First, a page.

Sage, Leaves, Herb, Garden Plant, Aroma, Garden, Spice



  • USDA Growing Zones: 5 to 9
  • Sun Exposure: Full sun
  • Soil Needs: Well-drained soil











Wishing you a bug-free summer!





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I was raised in Tennessee but have lived in Florida for many years. Love my small home in the Tampa Bay area and its developing garden. My decorating style is eclectic - some vintage, some cottage, all with a modern flair. Pursuing a healthier lifestyle. Spent many years in social services but am happily retired.

21 thoughts to “Plants & Other Ideas That Repel Insects”

  1. Great info! I have lavender, mums and many other herbs and flowers. Mayflies come every June and like lovebugs, make a big mess 🙁 The one insect on the river is spider and they love my plants and anything they can make a web on!

  2. This is really an interesting post, Carol. Especially the thing for putting in standing water and then all the wonderful herbs and blooms that have extra properties. I didn’t know that they repelled bugs — that’s a huge plus!

    1. I found out about the dunks and bits recently – yeah! Now we just need a dunk in the rain barrel for no mosquitoes!

  3. This is a very, very important post, dear Carol – I’m very happy about it! An organic garden is never expensive. I think the rumor is spread by the industry that makes a lot of money on pesticides. I have an organic garden and it only costs me what I spend on plants and soil. I don’t need any fertilizer because I make compost myself – the best fertilizer in the world! And – as you wrote correctly – there are many plants that help to keep unwanted insects away in the garden as much as possible, but to give bees and butterflies a nice home. I don’t know if Ivy grows in Florida – but if it does, you can actually SAVE a lot of money with it. Because I only wash my laundry with ivy leaves – no more money for detergent for two years and the laundry becomes clean and smells wonderfully natural! If you want to know more about it, please ask me 🙂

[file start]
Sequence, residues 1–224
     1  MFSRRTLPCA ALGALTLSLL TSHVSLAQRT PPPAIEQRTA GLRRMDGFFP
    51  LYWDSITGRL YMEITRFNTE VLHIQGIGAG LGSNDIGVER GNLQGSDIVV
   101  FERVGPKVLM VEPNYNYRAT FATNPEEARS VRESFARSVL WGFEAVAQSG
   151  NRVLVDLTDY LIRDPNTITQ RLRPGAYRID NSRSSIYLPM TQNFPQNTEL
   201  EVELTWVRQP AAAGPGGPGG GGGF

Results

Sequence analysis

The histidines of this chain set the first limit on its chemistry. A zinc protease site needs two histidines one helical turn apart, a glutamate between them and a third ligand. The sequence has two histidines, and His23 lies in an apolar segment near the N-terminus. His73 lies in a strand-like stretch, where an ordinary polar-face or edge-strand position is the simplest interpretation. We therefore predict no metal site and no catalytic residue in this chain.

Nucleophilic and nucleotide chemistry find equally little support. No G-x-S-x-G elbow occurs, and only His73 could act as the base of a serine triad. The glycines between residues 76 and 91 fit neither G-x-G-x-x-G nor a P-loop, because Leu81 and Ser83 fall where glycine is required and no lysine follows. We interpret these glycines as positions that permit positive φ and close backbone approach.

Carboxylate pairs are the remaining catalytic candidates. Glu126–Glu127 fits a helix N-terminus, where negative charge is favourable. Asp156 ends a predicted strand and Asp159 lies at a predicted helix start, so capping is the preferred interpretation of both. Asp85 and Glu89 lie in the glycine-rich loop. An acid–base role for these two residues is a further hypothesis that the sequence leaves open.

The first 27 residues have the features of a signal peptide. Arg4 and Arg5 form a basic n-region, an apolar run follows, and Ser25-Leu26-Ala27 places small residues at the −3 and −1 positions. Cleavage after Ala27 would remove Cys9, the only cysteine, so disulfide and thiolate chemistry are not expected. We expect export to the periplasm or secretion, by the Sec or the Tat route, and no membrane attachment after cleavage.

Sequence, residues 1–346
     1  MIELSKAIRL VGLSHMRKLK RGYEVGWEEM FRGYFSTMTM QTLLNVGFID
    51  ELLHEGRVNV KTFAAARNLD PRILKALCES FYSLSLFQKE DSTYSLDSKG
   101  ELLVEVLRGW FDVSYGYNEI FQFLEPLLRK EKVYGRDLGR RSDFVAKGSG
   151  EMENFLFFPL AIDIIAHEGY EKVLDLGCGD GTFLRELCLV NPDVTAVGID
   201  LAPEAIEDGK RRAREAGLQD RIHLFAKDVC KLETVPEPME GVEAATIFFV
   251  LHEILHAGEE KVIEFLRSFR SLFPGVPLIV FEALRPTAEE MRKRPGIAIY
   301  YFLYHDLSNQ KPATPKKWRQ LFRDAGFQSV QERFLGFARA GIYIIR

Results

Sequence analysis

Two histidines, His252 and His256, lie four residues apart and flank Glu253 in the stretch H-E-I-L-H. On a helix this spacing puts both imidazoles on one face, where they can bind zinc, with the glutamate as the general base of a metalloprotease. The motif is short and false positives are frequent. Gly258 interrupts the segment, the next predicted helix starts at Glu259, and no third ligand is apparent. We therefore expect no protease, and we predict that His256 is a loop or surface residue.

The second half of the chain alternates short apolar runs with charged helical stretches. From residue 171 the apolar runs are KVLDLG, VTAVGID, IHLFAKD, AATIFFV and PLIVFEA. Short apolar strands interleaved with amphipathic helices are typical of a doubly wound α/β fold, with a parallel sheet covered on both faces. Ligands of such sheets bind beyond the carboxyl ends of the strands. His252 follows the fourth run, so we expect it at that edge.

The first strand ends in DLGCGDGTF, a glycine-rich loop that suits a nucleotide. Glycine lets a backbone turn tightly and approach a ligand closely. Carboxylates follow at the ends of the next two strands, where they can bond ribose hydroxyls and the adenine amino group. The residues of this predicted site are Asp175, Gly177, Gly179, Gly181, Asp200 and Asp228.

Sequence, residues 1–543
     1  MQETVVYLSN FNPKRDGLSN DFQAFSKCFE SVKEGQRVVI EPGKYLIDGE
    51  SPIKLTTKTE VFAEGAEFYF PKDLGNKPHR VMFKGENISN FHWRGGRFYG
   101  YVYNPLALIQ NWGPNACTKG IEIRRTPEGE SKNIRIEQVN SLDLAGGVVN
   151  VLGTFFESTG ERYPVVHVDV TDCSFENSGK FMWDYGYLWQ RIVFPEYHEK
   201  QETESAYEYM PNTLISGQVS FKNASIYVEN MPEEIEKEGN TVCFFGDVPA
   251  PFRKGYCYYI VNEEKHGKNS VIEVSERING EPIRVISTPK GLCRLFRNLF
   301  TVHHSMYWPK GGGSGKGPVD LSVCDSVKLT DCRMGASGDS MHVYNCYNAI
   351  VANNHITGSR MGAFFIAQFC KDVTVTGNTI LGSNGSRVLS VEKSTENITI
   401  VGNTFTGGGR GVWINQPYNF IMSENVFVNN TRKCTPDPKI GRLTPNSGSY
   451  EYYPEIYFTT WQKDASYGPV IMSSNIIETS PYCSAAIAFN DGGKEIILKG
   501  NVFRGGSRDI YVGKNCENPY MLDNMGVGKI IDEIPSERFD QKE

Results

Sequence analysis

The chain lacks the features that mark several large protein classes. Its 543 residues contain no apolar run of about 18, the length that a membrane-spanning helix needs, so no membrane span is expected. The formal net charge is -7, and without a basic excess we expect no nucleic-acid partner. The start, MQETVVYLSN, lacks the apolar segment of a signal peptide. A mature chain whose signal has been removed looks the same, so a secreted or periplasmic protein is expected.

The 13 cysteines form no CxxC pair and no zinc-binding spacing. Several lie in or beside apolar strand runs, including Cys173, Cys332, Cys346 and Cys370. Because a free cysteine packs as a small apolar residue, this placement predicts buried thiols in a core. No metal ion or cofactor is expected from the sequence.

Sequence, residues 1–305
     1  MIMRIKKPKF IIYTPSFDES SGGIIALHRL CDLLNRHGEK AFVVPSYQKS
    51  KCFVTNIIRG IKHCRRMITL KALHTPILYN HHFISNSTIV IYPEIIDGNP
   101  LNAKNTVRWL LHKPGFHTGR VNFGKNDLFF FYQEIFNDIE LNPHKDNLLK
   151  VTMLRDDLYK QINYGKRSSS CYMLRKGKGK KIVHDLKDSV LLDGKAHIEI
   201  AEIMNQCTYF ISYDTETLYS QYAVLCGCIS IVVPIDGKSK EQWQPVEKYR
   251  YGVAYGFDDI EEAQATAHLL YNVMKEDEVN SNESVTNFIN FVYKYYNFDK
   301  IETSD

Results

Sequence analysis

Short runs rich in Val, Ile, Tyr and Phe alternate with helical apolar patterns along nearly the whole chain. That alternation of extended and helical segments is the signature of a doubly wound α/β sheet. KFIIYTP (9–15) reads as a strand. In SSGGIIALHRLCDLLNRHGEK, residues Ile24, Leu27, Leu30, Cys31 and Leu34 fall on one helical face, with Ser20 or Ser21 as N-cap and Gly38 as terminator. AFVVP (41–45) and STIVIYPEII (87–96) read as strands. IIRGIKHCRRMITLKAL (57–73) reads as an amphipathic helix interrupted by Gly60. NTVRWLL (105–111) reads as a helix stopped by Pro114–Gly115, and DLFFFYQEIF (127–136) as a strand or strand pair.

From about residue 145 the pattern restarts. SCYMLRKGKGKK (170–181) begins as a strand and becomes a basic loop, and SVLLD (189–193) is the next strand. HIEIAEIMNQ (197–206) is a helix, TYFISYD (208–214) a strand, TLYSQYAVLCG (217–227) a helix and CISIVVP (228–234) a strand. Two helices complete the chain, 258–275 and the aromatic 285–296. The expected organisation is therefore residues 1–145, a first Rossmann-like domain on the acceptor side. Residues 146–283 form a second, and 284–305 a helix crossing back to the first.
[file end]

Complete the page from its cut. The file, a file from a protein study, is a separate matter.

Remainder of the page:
All the best from Austria

    1. wow – I had never heard of using ivy to do laundry. I just looked up growing zones for ivy – not sure it would like my semi-tropical climate but I am going to get some. Thank you!

  4. Thanks for sharing lovely informative post, I always grow marigold in between veggie plants for repelling bugs and insects. Thanks for sharing with Garden Affair.

  5. I always try to use natural products in my garden. But it sounds like I really need to get some Chrysanthemums in my garden to keep all those bugs at bay #MMBC